Brown Paper Bag follows young indigenous boy, Jayden, as he discovers the world of reading with the help of a cheeky principal and Australia’s most inspiring Storyteller – Boori Pryor. Also starring John Wood.
Interview with Director Jon Staley
Why are you making this film?
After hearing Boori tell the story orally I wanted to work with him to shape it into a film as it is just such a lovely story and reflection of his work and the impact it has. I wanted to show the beauty and simplicity of what Boori does – the purity of the connection that he creates with audiences as a storyteller. Not simplicity in terms of execution for it takes a master to do what he does but simplicity in terms of the purity of the exchange between storyteller and listener. When listening to Boori the audience becomes immersed- in that moment all that exists is the story and the look on a young person’s face as they move from tension, to delight, to anguish, to joy and back again in a kind of rapture is something remarkable.
I wanted the film to capture that and then the boy’s journey into the world of reading. As someone who loves the physical act of reading I wanted us as an audience to see Jayden opening up to this experience in simple ways, lying on his bed tracing the words with his finger, reading as he walked, reading by torch light yet still hiding the act from his mum as if it is somehow an act of shame/self rebellion.
Finally I wanted the film to gently expose a number of windows into the broader context – why is this young indigenous boy not reading in the first place, why is the act of Boori as author and storyteller coming to the boy’s school so potent in this context, why does Mum blame herself when she hears from the Principal, why would Mum feel like that in the first place? These questions expose us to the wounds in our collective history and also in a fashion to the medicine. The exposure is gentle but profound if you are prepared to go there.
This film was self funded by Youthworx Productions. We are a youth media social enterprise/film production company that trains and employs young people who are homeless or at risk of homelessness in creative and commercial media. youthworxproductions.org.au. Three young Youthworx trainees worked as crew on set.
Why is the film called Brown Paper Bag?
The principal in the film smuggles books out of the library for the young boy in brown paper bags. We love the idea that in this instance the contents of the Brown Paper Bag are a book, words, stories, ideas as opposed to money/drugs or some other form of contraband.
Can you discuss the collaboration between Boori Pryor and Youthworx?
Boori is a regular fixture at Youthworx when he is in Melbourne, part of an extended community and is loved by all. He regularly drops in to share a coffee and a laugh, get some ad hoc IT support, give everyone a hug and talk project ideas. Boori has worked on projects with Youthworx Manager Jon Staley since 1998 when Jon tracked him down and got him to come and tell stories to the students at Northland Secondary College where Jon was teaching at the time. The continued collaboration reflects a shared passion for storytelling across a range of mediums.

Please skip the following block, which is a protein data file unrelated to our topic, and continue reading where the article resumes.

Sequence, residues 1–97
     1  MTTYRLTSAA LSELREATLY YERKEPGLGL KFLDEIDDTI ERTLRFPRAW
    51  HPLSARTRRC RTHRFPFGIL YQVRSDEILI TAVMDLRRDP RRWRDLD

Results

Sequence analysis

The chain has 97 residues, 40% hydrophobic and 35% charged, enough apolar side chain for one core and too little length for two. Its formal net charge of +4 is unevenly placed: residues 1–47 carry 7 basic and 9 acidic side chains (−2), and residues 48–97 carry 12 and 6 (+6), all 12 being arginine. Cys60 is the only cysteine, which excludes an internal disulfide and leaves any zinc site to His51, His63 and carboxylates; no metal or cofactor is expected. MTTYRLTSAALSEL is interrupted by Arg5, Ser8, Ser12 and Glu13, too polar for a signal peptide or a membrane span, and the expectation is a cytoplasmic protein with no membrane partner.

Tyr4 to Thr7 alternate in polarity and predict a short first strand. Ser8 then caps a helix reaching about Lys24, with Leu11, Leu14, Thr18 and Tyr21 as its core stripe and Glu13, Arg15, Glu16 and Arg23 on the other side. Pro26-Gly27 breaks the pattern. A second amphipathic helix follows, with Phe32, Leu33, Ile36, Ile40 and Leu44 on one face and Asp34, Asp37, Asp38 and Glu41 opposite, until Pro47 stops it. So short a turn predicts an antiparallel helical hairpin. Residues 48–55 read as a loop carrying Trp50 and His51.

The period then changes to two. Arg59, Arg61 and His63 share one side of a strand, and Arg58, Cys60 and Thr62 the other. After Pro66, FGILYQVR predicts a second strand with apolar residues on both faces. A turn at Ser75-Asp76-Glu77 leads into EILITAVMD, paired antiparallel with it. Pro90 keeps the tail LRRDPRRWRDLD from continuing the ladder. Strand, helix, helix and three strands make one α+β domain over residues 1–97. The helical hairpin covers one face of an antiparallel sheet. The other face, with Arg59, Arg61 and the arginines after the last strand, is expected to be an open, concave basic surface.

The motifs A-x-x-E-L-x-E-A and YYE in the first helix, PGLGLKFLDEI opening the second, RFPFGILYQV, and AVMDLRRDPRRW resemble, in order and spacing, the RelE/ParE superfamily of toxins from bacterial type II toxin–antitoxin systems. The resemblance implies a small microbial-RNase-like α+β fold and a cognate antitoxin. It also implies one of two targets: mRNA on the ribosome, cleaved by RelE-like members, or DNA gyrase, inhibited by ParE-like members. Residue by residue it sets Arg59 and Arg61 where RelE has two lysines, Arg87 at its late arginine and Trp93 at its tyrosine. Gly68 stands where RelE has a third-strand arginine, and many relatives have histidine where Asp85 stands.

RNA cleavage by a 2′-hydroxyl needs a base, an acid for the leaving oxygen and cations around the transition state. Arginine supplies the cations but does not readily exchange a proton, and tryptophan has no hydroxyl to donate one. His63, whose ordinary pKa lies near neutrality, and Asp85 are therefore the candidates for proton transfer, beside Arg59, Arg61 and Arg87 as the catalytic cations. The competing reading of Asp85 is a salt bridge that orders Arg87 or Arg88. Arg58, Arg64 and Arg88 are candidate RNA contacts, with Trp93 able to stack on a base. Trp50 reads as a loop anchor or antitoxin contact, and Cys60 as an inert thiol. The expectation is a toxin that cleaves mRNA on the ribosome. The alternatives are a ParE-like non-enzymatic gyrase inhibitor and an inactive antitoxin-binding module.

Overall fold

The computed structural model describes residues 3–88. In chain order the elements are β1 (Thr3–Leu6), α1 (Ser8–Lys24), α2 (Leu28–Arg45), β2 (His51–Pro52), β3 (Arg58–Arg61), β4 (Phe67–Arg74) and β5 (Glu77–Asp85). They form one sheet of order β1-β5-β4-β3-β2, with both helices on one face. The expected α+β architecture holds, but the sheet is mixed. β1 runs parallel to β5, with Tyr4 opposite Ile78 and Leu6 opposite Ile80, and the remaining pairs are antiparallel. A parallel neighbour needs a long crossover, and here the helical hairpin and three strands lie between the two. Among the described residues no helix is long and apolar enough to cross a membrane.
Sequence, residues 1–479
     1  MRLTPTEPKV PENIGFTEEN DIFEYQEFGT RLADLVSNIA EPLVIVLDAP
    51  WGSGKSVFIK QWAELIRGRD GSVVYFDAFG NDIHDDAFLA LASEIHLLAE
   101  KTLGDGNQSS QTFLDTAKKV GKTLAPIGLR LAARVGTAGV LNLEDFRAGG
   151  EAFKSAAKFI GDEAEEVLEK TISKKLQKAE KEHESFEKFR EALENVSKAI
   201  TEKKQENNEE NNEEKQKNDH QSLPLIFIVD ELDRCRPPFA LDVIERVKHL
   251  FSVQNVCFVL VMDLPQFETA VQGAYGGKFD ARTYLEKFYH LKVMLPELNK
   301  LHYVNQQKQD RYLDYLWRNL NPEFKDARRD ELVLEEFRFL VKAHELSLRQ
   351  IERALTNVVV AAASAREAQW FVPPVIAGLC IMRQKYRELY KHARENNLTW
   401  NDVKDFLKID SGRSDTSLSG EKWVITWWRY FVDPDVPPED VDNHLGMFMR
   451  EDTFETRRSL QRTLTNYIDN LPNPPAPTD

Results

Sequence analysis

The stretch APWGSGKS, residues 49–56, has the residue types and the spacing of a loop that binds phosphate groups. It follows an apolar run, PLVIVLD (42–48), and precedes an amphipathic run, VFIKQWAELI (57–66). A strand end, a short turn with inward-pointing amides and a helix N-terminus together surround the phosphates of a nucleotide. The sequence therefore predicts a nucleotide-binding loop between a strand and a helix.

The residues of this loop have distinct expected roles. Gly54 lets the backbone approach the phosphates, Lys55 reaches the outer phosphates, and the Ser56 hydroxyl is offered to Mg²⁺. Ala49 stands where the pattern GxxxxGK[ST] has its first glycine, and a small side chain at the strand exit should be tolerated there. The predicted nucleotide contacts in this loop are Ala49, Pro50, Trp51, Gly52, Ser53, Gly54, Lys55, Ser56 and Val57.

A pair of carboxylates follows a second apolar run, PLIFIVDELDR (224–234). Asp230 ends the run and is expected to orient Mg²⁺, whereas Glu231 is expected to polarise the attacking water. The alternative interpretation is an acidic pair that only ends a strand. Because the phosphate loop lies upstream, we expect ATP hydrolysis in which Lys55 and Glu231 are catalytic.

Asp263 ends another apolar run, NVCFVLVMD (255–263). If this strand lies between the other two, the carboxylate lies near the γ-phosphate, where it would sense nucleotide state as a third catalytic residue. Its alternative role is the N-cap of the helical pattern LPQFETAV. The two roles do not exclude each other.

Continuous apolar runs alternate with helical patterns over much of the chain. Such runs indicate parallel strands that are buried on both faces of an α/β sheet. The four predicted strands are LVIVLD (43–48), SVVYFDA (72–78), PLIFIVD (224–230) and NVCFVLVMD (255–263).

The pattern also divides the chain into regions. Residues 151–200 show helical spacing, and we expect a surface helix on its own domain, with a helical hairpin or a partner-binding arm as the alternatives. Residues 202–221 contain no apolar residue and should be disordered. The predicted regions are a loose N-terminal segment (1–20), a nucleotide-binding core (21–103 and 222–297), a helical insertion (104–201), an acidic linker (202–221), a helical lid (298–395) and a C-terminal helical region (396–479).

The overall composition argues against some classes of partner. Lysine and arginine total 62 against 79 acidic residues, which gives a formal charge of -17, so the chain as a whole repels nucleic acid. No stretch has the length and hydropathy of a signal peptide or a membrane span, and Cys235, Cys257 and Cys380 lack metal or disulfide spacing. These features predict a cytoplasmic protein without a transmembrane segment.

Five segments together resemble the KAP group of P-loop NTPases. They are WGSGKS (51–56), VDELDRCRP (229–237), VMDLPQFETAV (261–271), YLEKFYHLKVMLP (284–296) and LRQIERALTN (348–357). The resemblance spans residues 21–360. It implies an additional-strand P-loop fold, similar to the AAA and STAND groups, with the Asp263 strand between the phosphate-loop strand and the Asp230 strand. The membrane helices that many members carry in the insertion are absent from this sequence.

What type of feedback have you received so far about the film?
We have received extremely positive feedback so far based on a small sample of people who have had access to initial rough cuts of the film.
Has the feedback surprised or challenged your point of view?
To this point as the film has not been publicly broadcast - it has not been exposed to a broad audience and to this point the feedback has been very positive. We look forward to the film travelling far and wide and being critiqued by many.
What are you looking to achieve by having your film more visible on this platform?
We are really hoping that the film will be very widely seen as we think it is such a lovely, gentle and ultimately thought provoking story that deserves a wide audience. We also would really love Boori to be a household name as he truly is a National Treasure and while he has been very successful as a writer/storyteller we think he should be one of those names like a Cathy Freeman who is part of the National consciousness. His personal story is extraordinary and he is someone all Australians can and should be proud of.
Who do you need to come on board (producers, sales agents, buyers, distributors, film festival directors, journalists) to amplify this film’s message and audience?
We need sales agents, distributors, buyers and support to get the film out into the world
What type of impact would you like this film to have in Australia and internationally?
As discussed we would like this to be widely seen – the story has universal elements that make it appropriate internationally while having a uniquely Australian feel. It is a film that will be great fodder for high schools given its indigenous context, introduction to Boori as a storyteller and the reflections it raises in relation to literacy and ownership of story.
Lastly, what’s a key question that will help spark a debate about this issue and film?
Why would the young indigenous boy in the film refuse to go to the library? That question is at the heart of this story and is a window into Australia’s colonial history.
Interview: March 2016
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Brown Paper Bag
Current Status: In post-production
Writer: Boori Pryor and Jon Staley
Director: Jon Staley
Producer: Kelly West
Looking for: Distributor, sales agent, media interest, marketing support
Funders: Youthworx (self funded)